The social media platform TikTok has become the latest platform trafficking in misinformation and conspiracy theories about the coronavirus, including one video that falsely suggests the Chinese government created the disease as a form of population control.
The watchdog group Media Matters issued a report Tuesday citing multiple videos on TikTok that circulate baseless claims and debunked theories about the widening health crisis. Some falsely assert that former Microsoft CEO Bill Gates is somehow connected with the virus outbreak through his nonprofit organization’s funding of the Pirbright Institute in the U.K.
The research institute, which monitors diseases that infect farm animals and viruses that spread from animals to humans, published a statement addressing the misinformation. Pirbright says it holds a patent that covers the development of a weakened strain of the coronavirus, which could potentially be used in a vaccine to prevent birds and other animals from developing the respiratory disease.
“Pirbright does not currently work with human coronaviruses,” it said in a statement.
TikTok, which is owned by China’s ByteDance, said Tuesday that it was taking steps to “protect against the potential spread of misinformation” — specifically the kinds of videos that cause harm to the community, incite fear or hatred or mislead the community about elections. The video-sharing app just introduced a new way for the community to flag videos that may contain deceptive information. Rey Allie, TikTok’s head of product strategy, said the Los Angeles-based moderators will review these reports and remove videos that peddle in falsehoods while purporting to be authoritative news sources.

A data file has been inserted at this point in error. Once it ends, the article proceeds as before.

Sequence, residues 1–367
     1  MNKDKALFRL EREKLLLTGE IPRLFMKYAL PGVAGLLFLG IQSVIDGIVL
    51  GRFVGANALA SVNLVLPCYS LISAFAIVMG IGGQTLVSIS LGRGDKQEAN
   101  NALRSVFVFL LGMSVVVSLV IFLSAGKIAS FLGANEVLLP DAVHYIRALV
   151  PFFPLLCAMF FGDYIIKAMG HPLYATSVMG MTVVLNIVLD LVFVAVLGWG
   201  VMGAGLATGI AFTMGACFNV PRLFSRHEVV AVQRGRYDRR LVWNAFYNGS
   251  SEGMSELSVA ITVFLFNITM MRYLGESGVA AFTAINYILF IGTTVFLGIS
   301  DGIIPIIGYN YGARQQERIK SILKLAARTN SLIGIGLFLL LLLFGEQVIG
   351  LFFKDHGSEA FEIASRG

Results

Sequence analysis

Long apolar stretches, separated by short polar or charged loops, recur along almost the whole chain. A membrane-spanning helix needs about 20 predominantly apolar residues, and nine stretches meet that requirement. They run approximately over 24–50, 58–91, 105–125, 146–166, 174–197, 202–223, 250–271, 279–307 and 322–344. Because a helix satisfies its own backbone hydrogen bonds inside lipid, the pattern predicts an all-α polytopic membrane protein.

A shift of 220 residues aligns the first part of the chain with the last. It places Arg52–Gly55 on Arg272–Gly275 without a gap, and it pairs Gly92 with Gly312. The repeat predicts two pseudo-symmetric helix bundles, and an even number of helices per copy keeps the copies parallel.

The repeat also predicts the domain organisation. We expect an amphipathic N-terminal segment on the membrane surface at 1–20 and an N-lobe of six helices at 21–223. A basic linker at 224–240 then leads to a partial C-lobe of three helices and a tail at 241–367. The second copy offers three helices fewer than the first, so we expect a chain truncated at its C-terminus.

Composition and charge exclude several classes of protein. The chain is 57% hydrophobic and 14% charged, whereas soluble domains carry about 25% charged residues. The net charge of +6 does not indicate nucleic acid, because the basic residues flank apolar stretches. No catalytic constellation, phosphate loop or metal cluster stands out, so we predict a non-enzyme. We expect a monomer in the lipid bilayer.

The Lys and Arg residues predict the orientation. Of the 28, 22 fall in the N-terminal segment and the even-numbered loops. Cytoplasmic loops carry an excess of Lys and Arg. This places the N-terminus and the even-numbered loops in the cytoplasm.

The app, popular among teens, said in a blog post that it would work with third-party fact-checking and media literacy organizations, such as the Poynter Institute, which had previously faulted TikTok for its lack of accountability about the spread of misinformation.
“Our Community Guidelines do not permit misinformation that could cause harm to our community or the larger public,” said a TikTok spokesperson. “While we encourage our users to have respectful conversations about the subjects that matter to them, we remove deliberate attempts to misrepresent authoritative sources of news.”
The spokesperson declined to say how many videos had been removed.
Other tech companies, including Facebook, Google and Twitter, have been grappling with how best to stop the spread of half-truths and outright falsehoods about the respiratory illness, which was first identified in Wuhan, China. The virus has since spread to 17 other countries, including the United States, according to the Centers for Disease Control and Prevention.